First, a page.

HMO stands for ‘Houses in Multiple Occupation’ and are properties that require a license issued by the council. They are defined as properties that have 5 or more tenants (forming two or more households) who share an amenity such as a kitchen, toilet, bathroom or lounge and are comprised of 3 or more stories (this includes cellars, basements and loft conversions).

The reason that HMO Licensing exists is that there are more risks and hazards associated with larger numbers of people residing in a property and additional measures need to be put into place to keep residents safe.

If you are going to rent this kind of property, ask your Landlord or agent to see a copy of the HMO licence. If your Landlord or agent refuses then contact the Leeds Beckett Student Union Advice Service for further advice.


An inventory is a document that accurately records the contents and condition of the fixtures and fu rnishings of the property. An inventory should be taken and agreed on at the beginning of the tenancy, and another one should be taken on moving out. Make sure you keep any copies of the inventory for your records, in case a dispute should occur about any deductions taken from your deposit.

Fair wear and tear

The Tenant is usually obligated to return the property at the end of a tenancy in the same condition it was let to them in allowing for ‘fair wear and tear’. Fair wear and tear is the normal loss in value that occurs when something is used over a period of time, as opposed to either intentional or accidental damage or neglect.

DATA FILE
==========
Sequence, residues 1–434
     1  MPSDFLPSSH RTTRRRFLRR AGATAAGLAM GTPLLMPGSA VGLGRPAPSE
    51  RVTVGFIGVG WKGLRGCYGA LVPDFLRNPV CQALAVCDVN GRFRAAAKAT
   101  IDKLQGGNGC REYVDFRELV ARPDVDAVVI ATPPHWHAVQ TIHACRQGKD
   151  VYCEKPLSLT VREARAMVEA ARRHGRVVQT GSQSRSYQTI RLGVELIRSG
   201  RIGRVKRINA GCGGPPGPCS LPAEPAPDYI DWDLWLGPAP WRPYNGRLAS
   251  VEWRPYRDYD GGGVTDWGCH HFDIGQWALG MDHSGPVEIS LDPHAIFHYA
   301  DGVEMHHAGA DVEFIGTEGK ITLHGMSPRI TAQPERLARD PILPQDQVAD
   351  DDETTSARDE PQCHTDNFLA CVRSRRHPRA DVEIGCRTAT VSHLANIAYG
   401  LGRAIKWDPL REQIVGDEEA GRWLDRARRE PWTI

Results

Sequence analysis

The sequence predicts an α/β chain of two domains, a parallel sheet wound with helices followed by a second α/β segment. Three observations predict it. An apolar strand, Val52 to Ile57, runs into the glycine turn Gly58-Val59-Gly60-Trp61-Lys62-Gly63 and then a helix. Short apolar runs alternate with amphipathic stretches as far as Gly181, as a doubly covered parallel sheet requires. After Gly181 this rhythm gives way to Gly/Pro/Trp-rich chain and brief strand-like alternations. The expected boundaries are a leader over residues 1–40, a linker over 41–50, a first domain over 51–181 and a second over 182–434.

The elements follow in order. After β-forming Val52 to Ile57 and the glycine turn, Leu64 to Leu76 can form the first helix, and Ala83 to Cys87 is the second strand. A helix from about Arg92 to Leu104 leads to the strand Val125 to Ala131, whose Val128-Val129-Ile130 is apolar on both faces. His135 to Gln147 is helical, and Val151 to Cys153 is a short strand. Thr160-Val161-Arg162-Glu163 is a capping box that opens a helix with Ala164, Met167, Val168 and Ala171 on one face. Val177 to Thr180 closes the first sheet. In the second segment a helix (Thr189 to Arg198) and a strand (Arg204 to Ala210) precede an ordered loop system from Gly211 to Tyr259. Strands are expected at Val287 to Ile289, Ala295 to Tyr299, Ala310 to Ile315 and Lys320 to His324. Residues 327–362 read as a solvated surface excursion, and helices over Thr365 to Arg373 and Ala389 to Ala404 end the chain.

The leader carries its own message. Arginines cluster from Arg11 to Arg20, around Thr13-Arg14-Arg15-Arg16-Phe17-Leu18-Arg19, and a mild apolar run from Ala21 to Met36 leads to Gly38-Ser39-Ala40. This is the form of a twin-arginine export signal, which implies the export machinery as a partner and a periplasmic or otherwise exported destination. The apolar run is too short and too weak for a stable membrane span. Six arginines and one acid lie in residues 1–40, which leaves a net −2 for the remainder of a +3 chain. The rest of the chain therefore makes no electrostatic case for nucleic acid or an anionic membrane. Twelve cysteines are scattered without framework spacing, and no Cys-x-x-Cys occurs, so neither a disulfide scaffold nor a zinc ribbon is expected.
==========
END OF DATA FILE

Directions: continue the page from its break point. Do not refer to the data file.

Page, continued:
A Landlord cannot ask the tenant to pay for repairs or replacement at the end of the tenancy for changes caused by fair wear and tear.

Right to quiet enjoyment

Tenants have the right to enjoy their home undisturbed. This is called ‘quiet enjoyment.’ You have this right even if your tenancy agreement doesn’t expressly state it because the law implies it into all tenancy agreements.

Quiet enjoyment means that your Landlord must let you live in your home without unnecessary interference. Your Landlord or their agent, has the right to access your home to see what repair work is needed and to carry out repairs. However, unless it is an emergency, they must give you at least 24 hours' notice in writing.

If your Landlord wants to enter your home for any other reason, for example, to show round a new tenant, or to inspect the property, they can only do this with your agreement or in accordance with any reasonable term set out in your tenancy agreement.

Bills Inclusive